Sex hormone-binding goblulin (SHBG) is a protien produced by the liver that binds to sex hormonnes such as the oestrogen and testerone to control how much of them are circulating in the blood at any one time. Studies have shown that overweight women have lower levels of SHBG in their blood and thus there are more sex hormones circulating in the blood at any one time (Kiddy et al., 1990). These then lead to the symptoms of hirsutism (additional body hair growth). 

How is it diagnosed?
Polycystic Ovaries are usually diagnosed via an ultrasound on the womb as well as hormone blood tests by doctors (Glenville, 2014). It is important to have these hormone blood tests done early on in the menstrual cycle and to note that the pill will affect the results of these tests. Blood tests can reveal a hormone imbalance which can include:

  • High levels of LH (luteinizing hormone)
    • This hormone controls the release of an egg from the ovary.
  • Higher than normal male hormones (e.g. testosterone)
    • This is produced in the ovaries. 
  • Low progesterone
    • This is produced in the ovaries. 
  • It is also good to measure FSH, prolactin levels and thyroid function. 

PCOS Symptoms

There are a multitude of symptoms that PCOS can cause, such no or few periods, acne or oily skin, heavy body hair (often on face, breasts and inside of the legs), susceptible to mood swings or problems with fertility and miscarriages (Glenville, 2014). These all stem from the hormone imbalances in the body.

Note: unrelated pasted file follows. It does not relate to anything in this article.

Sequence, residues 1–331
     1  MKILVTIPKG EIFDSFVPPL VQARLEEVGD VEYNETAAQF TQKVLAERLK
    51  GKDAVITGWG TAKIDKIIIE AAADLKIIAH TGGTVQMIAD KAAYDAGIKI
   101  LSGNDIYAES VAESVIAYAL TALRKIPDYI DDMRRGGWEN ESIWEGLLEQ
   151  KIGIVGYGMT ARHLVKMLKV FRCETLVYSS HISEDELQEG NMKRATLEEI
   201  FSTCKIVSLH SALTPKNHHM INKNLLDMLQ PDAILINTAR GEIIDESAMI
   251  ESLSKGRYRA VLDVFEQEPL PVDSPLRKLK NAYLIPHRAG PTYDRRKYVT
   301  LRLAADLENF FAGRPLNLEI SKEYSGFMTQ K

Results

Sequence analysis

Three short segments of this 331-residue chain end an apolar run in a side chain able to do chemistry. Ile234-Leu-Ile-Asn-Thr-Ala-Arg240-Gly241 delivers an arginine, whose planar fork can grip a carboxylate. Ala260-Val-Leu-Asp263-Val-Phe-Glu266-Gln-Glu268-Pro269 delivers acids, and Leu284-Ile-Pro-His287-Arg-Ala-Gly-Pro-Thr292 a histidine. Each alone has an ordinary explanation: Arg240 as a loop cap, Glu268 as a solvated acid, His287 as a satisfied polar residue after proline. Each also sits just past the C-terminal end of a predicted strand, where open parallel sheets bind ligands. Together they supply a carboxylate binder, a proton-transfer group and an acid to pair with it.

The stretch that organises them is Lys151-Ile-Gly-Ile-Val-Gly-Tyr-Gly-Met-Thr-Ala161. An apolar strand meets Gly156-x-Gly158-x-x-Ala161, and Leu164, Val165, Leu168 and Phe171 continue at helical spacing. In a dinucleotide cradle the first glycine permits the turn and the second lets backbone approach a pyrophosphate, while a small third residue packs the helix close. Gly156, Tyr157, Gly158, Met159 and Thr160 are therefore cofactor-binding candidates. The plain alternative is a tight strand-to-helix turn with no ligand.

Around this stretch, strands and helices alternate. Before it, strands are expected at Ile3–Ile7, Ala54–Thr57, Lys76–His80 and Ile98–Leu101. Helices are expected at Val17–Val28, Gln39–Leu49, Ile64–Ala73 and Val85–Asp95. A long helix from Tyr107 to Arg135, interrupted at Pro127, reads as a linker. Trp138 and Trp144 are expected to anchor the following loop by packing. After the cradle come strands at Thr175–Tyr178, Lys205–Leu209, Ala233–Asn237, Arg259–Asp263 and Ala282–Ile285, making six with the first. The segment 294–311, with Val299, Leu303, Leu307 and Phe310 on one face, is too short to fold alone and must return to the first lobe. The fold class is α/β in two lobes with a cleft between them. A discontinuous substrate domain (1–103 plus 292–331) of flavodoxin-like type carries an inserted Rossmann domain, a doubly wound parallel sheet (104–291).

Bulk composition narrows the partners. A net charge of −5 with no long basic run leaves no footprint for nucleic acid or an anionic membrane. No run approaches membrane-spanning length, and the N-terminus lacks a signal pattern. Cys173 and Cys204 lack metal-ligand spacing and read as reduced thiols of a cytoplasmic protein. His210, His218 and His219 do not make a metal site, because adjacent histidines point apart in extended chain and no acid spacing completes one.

The NHS outlines 3 key symptoms (of which you need to experience two out of three to be diagnosed): 

  • Irregular periods – meaning you don’t ovulate regularly. 
  • Excess androgen – high levels of “male” hormones in your body, which may cause physical signs such as excess facial or body hair.
  • Polycystic ovaries – your ovaries become enlarged and contain many fluid-filled sacs (follicles) that surround the eggs (but despite the name, you do not actually have cysts if you have PCOS)



Chakrabarti, J., 2013. Serum leptin level in women with polycystic ovary syndrome: Correlation with adiposity, insulin, and circulating testosterone. Annals of Medical and Health Sciences Research, 3(2), p.191.

Glenville, M., 2014. The Nutritional Health Handbook For Women. 5th ed. London: Piatkus.

Insler, V. and Lunenfeld, B., 1991. Pathophysiology of Polycystic Ovarian Disease: New Insights. Human Reproduction, 6(8), pp.1025-1029.

Kiddy, D., Sharp, P., White, D., Scanlon, M., Mason, H., Bray, C., Polson, D., Reed, M. and Franks, S., 1990. Differences in clinical and endocrine features between obese and non-obese subjects with PCOS: An analysis of 263 consecutive cases. Clinical Endocrinology, 32(2), pp.213-220.

Lustig, R., 2012. Fat Chance. 1st ed. New York: Hudson Street Press.

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Hi! I'm Nuala